Dog’s Movie House: “Onward,” “The Way Back” Make For Opposite Sides Of The Redemption Spectrum!

Let’s jump right in with Pixar’s latest, the fantasy film “Onward.” The story takes place during a time much like today, only populated by mythical creatures such as elves, trolls, unicorns, centaurs, and the like. It used to be a place of powerful magic, but as technology intervened, the power faded into obscurity.

Enter brothers Ian (Tom Holland) and Barley (Chris Pratt) Lightfoot, two elves who are under the watchful eye of mother Laurel (Julia Louis-Dreyfuss). Ian is a shy introvert while Barley is the older, more confident brother who spends most of his time playing sword and sorcery board games and driving in his fantasy-themed van, nicknamed Guenevere. Ian, in particular, misses the dad he never knew. Wilden Lightfoot died before Ian was born. On Ian’s sixteenth birthday, he gets a posthumous gift from his father: a wizard’s staff with a crystal and a spell that will allow the boys to spend twenty-four hours with their father. Unfortunately the two screw up the spell and they only get the lower half of their father. It is up to Ian and Barley to go on an epic quest to be able to communicate with their father one last time, all the while with their mother in hot pursuit.

“Onward” doesn’t scream classic film at first. It moves in fits and starts and some of the early humor feels forced. (The pet dragon is cute, though) But as the movie rolls along it finds it’s groove and the characters start to grow on you. Directed and co-written by Dan Scanlon, “Onward” feels like a personal tale and the emotional impact of the movie sneaks up on you. By the end you’ll need a tissue or two.

The voice cast is excellent, with Holland and Pratt exhibiting an easy, believable chemistry. Louis-Dreyfus is terrific as the loving mother and Octavia Spencer has a ball as The Manticore, a quest-provider turned restaurant hostess who finds her true calling again.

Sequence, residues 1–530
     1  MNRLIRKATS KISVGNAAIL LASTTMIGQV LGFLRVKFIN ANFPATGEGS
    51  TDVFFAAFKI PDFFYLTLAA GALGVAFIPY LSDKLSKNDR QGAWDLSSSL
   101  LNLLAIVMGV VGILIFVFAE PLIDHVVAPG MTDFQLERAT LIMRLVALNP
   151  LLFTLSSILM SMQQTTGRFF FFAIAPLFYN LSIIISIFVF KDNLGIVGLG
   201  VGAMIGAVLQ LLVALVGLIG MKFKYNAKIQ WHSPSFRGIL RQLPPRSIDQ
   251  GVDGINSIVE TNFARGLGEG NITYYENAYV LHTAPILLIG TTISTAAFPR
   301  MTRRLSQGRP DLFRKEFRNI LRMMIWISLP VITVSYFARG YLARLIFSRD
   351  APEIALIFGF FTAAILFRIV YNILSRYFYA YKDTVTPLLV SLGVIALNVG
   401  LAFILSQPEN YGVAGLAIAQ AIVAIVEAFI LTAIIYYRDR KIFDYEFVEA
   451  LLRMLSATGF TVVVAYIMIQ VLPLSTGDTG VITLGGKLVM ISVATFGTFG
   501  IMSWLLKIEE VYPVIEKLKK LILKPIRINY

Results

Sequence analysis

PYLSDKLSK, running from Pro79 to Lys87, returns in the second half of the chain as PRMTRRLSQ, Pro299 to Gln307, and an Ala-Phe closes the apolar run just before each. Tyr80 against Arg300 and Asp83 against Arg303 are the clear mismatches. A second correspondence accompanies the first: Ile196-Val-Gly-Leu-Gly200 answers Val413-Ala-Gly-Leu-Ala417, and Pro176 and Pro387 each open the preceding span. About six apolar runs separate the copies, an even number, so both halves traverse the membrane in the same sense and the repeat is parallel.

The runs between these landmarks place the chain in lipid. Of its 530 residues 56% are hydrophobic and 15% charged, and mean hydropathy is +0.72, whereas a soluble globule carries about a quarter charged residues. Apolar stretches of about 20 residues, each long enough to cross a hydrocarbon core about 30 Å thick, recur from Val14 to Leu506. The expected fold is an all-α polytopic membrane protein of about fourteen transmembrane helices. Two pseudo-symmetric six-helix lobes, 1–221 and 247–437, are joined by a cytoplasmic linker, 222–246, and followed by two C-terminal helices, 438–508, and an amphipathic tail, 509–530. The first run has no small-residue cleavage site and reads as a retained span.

The animation is stellar as usual but the secret of the film is it’s heart. The second half of the film is among the best that Pixar has to offer, even if you have to get through a somewhat uneven first half. 4 Out Of 5 On Kendog’s Barkometer!

Next up we have a sports redemption story from Gavin O’Connor, the guy behind “Miracle” and “Warrior.” This one’s called “The Way Back” and it features one of the best performances ever by Ben Affleck. Affleck stars as Jack Cunningham, a local basketball legend who has been circling the drain of life due to his battle with alcoholism. The drinks constantly and is continuously helped home at night by people who did the same thing with his father.

After the coach of his old school suffers a heart attack, Jack is asked to sub as coach, and he throws himself into the task of turning a bunch of somewhat talented individuals into a cohesive team. Enter some familiar sports clichés and the hope of redemption.

If that served as the whole structure of the story, “The Way Back” would be a lesser “Hoosiers” clone, but what makes this film different is two things: a final act turn and Ben Affleck. I won’t tell you about the former save to say it defies many of the conventions of the typical sports movie without being any less satisfying. What I can tell you is that Affleck is amazing in this role, displaying several shades of emotional nuance that reminds you he’s more than just a matinee idol movie star. Many of my colleagues have argued that Affleck’s performance is made all the more resonant by his real-life troubles, but I honestly hate that shit. I’d prefer to see a performance without the prism of the actor’s past, thank you very much. A great performance is a great performance and Affleck delivers one here. O’Connor is a terrific director and even though Brad Ingelsby’s script gets a little cliché-ridden at times, “The Way Back” is a very good sports film that isn’t really about sports. The best sports film never are. 4 Out Of 5 On Kendog’s Barkometer! So Sayeth The Kendog!

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